The dashboard houses a pair of handsome and highly legible primary gauges for the speedometer and tach, with a crisp information screen nested between them. The central dash is dominated by two touch screens to operate all manner of vehicular operations. Despite this, Infiniti’s designers still opted to provide actual buttons for climate controls and a traditional knob for audio volume, and even a redundant controller for infotainment system operation. This is one area where Infiniti should be commended for their common sense and not following some of their peers in developing a cockpit with only digital “buttons” to control everything.
The infotainment system itself is intuitive and required very little familiarization time to pair the phone, program favourite stations and make fine adjustments to the audio. The Bose-tuned system sounds pretty decent too.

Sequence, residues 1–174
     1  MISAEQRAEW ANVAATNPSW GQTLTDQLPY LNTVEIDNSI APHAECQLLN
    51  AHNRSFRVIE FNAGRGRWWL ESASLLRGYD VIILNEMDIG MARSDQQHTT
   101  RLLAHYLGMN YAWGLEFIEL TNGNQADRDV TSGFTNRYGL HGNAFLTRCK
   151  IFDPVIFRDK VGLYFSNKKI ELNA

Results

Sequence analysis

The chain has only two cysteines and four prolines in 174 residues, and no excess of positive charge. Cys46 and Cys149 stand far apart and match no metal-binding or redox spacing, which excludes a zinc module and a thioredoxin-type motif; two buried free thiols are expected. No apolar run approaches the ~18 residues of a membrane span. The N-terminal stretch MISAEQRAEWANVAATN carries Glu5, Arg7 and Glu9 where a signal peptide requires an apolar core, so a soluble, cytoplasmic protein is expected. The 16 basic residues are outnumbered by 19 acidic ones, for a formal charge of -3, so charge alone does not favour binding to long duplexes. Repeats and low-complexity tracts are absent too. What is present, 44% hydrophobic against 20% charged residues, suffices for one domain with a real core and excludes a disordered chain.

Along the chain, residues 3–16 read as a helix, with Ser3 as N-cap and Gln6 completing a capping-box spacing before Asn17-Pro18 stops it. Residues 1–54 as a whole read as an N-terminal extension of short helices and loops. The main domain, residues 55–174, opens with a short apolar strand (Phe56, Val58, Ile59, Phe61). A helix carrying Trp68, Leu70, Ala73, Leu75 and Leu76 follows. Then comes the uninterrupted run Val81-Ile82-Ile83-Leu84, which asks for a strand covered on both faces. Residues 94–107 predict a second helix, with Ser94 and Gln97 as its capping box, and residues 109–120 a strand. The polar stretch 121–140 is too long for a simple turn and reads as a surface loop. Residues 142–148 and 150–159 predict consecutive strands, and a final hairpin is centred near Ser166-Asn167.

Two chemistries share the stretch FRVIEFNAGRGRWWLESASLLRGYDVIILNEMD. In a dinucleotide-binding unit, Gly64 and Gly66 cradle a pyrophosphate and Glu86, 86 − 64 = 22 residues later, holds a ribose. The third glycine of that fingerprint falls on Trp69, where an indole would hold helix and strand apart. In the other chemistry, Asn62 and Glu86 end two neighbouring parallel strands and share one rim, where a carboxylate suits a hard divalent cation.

Although not the most athletic sport sedan in the class, nor the most luxurious, the entry-level Q50 is a solid offering amongst its peers. Considering styling that still looks fresh and aggressive even a few years into its life cycle, Infiniti’s most affordable sedan is certainly worth considering at its starting price just under $40,000. With a few key option packages, our test car checked out at nearly $48,000 putting it right in the sweet spot with its peers, similarly equipped.
Despite mom’s protests, peer pressure isn’t all bad. The improvements to Infiniti’s overall line up are proof of this, however in its most basic trim, the Q50 2.0T still has a bit of work to do to become the most popular one in the class.
4 years/100,000 km; 6 years/110,000 km powertrain; 7 years/unlimited distance corrosion perforation; 4 years/100,000 km roadside assistance
|2016 Infiniti Q50 2.0T AWD|
|articles_PricingType 2016 Infiniti Q50 2.0T AWD|
|Base Price $39,900|
|Optional Equipment Premium Package, $4,000; Driver Assistance Package, $2,000|
|A/C Tax $100|
|Destination Fee $1,995|
|Price as Tested $48,280|